Heel pain is common in children. While it can occur after a specific injury, it is also commonly caused by Sever’s disease, a type of overuse syndrome, like shin splints or Osgood-Schlatter?s disease. Children with Sever’s disease, which is also called calcaneal apophysitis, develop inflammation where the Achilles tendon inserts at the calcaneus, or heel bone. This inflammation causes pain, which can vary depending on the type of activity your child is doing, and is generally worse after activity(such as running and jumping) and improves with rest. Sometimes squeezing the heel can cause pain and occasionally it can be felt under the heel.
There is no specific known cause of Sever?s disease. However, there are several common factors associated with the condition including. Tight calf muscles. Pronated foot type (rolled in towards the ankle). Children who are heavier. Puberty/growth spurts. External factors, e.g. hard surfaces or poor footwear. Increase in physical activity levels.
Pain in the bottom surface and at the back of the heel. Extreme pain when the child places their heel on the ground. The pain is aggravated when running or jumping on hard surfaces. The pain is reduced when the child walks or runs on their toes.
To diagnose the cause of the child?s heel pain and rule out other more serious conditions, the foot and ankle surgeon obtains a thorough medical history and asks questions about recent activities. The surgeon will also examine the child?s foot and leg. X-rays are often used to evaluate the condition. Other advanced imaging studies and laboratory tests may also be ordered.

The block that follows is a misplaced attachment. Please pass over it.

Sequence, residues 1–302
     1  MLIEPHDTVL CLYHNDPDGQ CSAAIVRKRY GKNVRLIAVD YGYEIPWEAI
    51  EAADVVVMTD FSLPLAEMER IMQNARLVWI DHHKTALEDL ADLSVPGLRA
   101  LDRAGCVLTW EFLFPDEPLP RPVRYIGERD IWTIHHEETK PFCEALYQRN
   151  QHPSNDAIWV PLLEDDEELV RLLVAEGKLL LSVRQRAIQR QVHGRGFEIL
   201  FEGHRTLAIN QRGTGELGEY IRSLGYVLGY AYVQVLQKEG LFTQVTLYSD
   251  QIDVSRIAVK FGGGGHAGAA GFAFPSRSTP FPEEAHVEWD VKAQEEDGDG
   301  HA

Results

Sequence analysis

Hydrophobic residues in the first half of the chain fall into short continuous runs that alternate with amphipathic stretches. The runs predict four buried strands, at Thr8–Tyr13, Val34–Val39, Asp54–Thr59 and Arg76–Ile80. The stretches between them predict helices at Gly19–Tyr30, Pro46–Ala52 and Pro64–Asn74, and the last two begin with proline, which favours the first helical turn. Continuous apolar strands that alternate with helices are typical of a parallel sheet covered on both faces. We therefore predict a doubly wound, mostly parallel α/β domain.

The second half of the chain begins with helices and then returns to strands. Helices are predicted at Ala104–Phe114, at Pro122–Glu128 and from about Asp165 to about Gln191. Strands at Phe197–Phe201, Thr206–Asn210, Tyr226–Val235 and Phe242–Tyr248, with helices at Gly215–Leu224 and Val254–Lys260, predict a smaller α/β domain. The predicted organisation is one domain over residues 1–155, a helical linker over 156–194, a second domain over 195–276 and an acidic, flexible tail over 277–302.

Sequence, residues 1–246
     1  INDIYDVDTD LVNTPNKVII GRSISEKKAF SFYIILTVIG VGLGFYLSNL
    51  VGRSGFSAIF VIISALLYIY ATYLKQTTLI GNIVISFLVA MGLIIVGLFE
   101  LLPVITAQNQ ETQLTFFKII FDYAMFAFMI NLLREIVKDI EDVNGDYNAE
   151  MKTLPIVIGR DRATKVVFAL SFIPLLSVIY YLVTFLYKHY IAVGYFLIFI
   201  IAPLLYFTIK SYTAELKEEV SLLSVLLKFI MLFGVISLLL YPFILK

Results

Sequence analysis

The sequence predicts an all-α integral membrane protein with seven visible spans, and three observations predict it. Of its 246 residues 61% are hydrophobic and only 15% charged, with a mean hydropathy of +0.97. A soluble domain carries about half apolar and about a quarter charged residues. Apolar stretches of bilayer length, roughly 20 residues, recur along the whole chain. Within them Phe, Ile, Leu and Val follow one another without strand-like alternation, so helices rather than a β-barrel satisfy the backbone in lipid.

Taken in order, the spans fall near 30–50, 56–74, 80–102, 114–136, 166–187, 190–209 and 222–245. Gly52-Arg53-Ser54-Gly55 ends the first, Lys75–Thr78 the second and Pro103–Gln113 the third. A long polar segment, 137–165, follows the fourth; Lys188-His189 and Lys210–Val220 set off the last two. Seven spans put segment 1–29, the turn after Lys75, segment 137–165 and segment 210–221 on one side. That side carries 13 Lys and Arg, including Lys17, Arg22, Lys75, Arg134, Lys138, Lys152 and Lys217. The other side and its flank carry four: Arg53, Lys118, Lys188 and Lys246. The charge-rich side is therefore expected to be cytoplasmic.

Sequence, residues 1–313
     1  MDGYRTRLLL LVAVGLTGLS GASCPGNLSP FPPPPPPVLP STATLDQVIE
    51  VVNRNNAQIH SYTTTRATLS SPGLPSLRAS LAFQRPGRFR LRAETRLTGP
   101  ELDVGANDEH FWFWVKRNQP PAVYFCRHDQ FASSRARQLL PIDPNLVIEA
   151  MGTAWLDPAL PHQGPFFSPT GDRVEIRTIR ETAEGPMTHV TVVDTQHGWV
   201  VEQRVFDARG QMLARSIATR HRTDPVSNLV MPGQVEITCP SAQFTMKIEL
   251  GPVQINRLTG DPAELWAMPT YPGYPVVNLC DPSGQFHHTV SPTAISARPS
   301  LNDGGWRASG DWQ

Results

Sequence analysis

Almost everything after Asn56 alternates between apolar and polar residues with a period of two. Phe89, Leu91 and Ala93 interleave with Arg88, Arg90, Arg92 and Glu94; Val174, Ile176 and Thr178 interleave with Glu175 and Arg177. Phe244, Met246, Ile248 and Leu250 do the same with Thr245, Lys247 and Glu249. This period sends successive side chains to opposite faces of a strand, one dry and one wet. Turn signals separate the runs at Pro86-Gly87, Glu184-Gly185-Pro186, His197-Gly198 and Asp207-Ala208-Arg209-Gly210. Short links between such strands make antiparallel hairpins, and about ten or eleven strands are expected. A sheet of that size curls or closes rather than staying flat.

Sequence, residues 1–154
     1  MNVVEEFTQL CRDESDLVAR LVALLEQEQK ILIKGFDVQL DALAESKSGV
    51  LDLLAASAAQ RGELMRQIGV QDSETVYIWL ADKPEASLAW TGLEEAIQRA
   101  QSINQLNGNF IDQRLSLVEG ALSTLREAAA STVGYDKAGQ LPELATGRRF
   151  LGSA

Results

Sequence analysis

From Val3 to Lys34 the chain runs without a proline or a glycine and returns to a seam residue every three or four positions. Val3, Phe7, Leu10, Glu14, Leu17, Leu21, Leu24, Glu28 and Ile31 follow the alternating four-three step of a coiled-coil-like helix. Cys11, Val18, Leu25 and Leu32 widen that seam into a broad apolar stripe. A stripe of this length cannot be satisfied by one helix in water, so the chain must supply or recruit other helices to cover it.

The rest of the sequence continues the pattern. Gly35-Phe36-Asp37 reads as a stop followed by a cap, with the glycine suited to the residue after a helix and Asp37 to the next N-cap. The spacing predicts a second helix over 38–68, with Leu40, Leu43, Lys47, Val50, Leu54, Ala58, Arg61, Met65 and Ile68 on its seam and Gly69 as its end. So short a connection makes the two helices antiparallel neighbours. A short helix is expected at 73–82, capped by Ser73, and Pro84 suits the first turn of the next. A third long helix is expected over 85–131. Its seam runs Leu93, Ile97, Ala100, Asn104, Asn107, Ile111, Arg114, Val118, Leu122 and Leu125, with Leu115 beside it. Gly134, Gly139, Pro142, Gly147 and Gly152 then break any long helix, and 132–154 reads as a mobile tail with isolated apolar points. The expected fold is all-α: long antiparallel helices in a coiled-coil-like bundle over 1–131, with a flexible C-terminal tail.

Non Surgical Treatment
In general, the goals for treatment include reducing the localized areas of inflammation. We recommend that patients utilize Ibuprofen every six to eight hours as needed. Stretching exercises on a daily basis, as well as prior to activity is thought to be helpful as well. Following work-outs and increased activities, it may be helpful to apply ice over affected areas. Heel cups are also available to provide cushion in shoes. In addition, for more severe symptoms, it may be helpful to refrain from sports and/or immobilize the area for a few weeks to help reduce the inflammation.
In some cases, children will simply outgrow Sever’s Disease when they reach a certain age, but this does not mean that symptoms should be ignored. If children express that they are in pain, this should always be taken seriously by their parents or guardians. Heel pain may be a sign of Sever’s Disease and this condition should not be left untreated, due to the damage it can cause to the growing heel bones. Scheduling a doctor’s appointment is always the first step to take in gaining a diagnosis of symptoms and speedy help for the child.